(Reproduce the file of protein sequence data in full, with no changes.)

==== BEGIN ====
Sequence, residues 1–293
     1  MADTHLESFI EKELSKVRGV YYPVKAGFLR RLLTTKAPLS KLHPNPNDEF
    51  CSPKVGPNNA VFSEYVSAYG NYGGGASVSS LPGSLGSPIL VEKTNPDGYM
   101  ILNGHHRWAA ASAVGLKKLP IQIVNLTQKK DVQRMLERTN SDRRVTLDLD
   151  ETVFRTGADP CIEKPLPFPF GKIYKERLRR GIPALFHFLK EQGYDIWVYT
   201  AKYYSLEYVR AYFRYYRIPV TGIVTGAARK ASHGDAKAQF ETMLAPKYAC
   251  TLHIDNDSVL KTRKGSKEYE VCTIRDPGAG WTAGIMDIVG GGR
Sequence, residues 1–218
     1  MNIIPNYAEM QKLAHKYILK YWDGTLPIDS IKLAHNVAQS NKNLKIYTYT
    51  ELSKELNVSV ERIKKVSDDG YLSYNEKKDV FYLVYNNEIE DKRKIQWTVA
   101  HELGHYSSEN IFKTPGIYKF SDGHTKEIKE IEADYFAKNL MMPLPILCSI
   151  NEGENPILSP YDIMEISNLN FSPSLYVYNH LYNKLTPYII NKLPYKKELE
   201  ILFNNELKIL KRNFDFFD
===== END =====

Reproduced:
Sequence, residues 1–293
     1  MADTHLESFI EKELSKVRGV YYPVKAGFLR RLLTTKAPLS KLHPNPNDEF
    51  CSPKVGPNNA VFSEYVSAYG NYGGGASVSS LPGSLGSPIL VEKTNPDGYM
   101  ILNGHHRWAA ASAVGLKKLP IQIVNLTQKK DVQRMLERTN SDRRVTLDLD
   151  ETVFRTGADP CIEKPLPFPF GKIYKERLRR GIPALFHFLK EQGYDIWVYT
   201  AKYYSLEYVR AYFRYYRIPV TGIVTGAARK ASHGDAKAQF ETMLAPKYAC
   251  TLHIDNDSVL KTRKGSKEYE VCTIRDPGAG WTAGIMDIVG GGR
Sequence, residues 1–218
     1  MNIIPNYAEM QKLAHKYILK YWDGTLPIDS IKLAHNVAQS NKNLKIYTYT
    51  ELSKELNVSV ERIKKVSDDG YLSYNEKKDV FYLVYNNEIE DKRKIQWTVA
   101  HELGHYSSEN IFKTPGIYKF SDGHTKEIKE IEADYFAKNL MMPLPILCSI
   151  NEGENPILSP YDIMEISNLN FSPSLYVYNH LYNKLTPYII NKLPYKKELE
   201  ILFNNELKIL KRNFDFFD